So Josie arrives at her new school as the fourth teacher taking over for about 10 different sections of courses to teach (i.e. quite the assortment). Yes, 3 other teachers left the position before me, but teaching isn’t stressful, nooo…hah Josie’s walkie talkie was supposed to be her new best friend for sending kids down to the office every 5 minutes in between getting some teaching accomplished. I had to teach with the walkie talkie in my hand and then I eventually bought a strap for it and felt like I was set to go on a tour.
Josie quickly learns that yet again, there WILL NEVER BE any time to discuss academics or anything she is doing in the classroom, other than how she is “managing the behavior”. Josie feels attacked by her principal who is in the room at least twice a day to point out some little thing she is doing wrong. But, hey, at least she came out of her office and into the classroom; guess I should be pleased. So that was fun, to be disrespected by kids, and then have no trusting, caring adults at work to talk it through with. And the one person who is willing to talk about the behaviours with you, talks at you about it and makes you feel like she didn’t notice anything you did right, or anything you have been trying. It was a tough gig to fill and not once did anyone ever tell me I was doing a good job! …So I left. I quit one day with 30 minutes of the school day remaining. I walked out of the room and marched downstairs and said, “I’m done. I resign. Done with the disrespect.” And that was a good fucking day.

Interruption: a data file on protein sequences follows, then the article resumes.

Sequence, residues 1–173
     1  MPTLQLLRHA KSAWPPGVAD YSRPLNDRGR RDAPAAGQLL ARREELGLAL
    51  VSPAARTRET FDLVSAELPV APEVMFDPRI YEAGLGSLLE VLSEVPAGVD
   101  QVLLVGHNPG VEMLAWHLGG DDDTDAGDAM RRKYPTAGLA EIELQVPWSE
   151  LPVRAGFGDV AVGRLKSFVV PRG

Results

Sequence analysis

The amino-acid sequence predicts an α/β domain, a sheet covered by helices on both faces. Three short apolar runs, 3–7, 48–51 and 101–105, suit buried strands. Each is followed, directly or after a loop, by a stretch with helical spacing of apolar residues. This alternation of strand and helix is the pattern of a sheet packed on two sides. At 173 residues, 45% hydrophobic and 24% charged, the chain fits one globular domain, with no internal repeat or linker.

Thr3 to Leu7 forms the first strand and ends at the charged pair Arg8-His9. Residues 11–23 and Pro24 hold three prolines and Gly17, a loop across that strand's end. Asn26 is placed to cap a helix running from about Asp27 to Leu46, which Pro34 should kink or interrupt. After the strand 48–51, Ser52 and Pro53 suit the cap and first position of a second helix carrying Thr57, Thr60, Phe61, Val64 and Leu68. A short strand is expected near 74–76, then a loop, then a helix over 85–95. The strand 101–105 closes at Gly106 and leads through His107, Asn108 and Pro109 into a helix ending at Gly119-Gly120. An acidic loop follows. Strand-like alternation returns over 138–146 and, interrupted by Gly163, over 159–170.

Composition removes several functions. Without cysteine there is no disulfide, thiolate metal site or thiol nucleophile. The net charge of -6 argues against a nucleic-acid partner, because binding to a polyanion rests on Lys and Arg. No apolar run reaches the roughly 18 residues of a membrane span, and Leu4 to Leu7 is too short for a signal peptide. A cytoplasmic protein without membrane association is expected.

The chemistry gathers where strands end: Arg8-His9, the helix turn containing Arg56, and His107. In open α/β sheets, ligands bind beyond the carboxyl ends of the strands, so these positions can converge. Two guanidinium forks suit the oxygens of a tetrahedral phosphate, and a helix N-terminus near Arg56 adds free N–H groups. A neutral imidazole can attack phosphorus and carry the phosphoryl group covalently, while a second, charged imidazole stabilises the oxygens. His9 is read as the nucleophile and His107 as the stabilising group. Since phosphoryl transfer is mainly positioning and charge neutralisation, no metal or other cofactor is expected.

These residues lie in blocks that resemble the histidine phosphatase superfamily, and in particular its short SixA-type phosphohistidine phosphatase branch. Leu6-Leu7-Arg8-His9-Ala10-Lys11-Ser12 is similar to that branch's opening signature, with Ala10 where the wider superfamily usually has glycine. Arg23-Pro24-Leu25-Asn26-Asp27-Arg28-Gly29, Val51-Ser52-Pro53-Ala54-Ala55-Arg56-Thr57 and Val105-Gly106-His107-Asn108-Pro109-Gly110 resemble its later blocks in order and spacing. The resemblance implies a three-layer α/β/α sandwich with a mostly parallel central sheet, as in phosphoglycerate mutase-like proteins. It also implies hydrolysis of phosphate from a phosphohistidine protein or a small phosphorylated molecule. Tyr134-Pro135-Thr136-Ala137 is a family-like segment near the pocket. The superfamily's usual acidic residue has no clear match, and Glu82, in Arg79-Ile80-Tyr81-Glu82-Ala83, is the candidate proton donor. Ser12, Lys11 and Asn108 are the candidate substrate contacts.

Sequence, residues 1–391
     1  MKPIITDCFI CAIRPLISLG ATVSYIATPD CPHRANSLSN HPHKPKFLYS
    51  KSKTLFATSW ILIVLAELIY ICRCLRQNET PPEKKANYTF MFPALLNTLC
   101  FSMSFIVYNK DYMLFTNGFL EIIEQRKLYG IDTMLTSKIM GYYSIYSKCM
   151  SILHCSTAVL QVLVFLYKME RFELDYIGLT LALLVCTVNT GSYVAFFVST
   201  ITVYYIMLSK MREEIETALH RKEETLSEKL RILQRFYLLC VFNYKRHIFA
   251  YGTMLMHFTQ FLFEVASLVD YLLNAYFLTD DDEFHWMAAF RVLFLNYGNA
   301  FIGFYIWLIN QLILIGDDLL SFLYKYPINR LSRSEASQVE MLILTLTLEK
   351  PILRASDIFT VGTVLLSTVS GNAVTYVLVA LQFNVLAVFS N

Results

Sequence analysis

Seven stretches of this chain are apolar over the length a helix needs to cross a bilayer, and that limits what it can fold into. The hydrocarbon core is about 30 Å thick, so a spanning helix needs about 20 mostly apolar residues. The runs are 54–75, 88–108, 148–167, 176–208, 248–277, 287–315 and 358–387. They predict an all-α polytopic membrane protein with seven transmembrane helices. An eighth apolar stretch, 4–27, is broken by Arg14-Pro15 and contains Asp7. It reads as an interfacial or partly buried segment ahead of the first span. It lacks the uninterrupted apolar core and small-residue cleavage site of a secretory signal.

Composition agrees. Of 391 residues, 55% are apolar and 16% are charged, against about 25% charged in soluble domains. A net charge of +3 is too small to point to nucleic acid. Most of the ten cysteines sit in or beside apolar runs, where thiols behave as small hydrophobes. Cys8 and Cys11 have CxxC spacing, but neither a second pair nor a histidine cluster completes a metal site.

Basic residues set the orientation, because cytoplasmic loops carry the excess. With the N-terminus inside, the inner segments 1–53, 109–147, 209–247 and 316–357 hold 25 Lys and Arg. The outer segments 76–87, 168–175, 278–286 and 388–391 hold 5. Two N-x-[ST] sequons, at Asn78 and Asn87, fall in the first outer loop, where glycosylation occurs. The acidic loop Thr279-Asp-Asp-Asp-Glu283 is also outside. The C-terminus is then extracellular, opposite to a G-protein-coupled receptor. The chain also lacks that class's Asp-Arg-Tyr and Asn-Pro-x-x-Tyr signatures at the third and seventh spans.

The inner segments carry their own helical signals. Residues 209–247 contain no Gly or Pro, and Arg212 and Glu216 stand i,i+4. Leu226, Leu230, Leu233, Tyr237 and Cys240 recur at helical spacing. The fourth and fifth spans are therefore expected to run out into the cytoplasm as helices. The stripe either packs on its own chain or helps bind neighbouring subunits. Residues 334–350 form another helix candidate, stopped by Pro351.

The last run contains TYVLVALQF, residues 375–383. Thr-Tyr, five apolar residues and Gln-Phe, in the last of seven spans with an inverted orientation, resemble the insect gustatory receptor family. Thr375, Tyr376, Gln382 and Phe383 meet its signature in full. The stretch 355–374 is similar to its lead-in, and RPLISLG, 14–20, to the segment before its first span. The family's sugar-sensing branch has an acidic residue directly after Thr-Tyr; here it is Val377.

I do not deserve to be talked over so much that I feel I cannot even get a sentence out in my place of work. The amount of distractions that there are in today’s classroom and the amount of varying abilities, and especially the lack of consequences at home and school, are going to make for an interesting future for public school education. I am so glad that I will not be a part of it.
I choose me and my family and hopefully with some time, I will find a job that fulfills me and does not drain me. I am done giving my all to a career that has given me nothing but worsening mental health in return. Lastly, thank you to Curtis, who got to experience the joy of talking me down most days after school! And thank you for anyone close to me who has had to listen to me whine about my job for the past 5 and a half years. It is unsustainable for me if I want a happy life.
2 thoughts on “Why I left Teaching After 5 and a Half Years in the Classroom”
Good for you! I hope you find a career that respects you.
Thank you! 🙂 There were some good days, but the stress outweighed them unfortunately.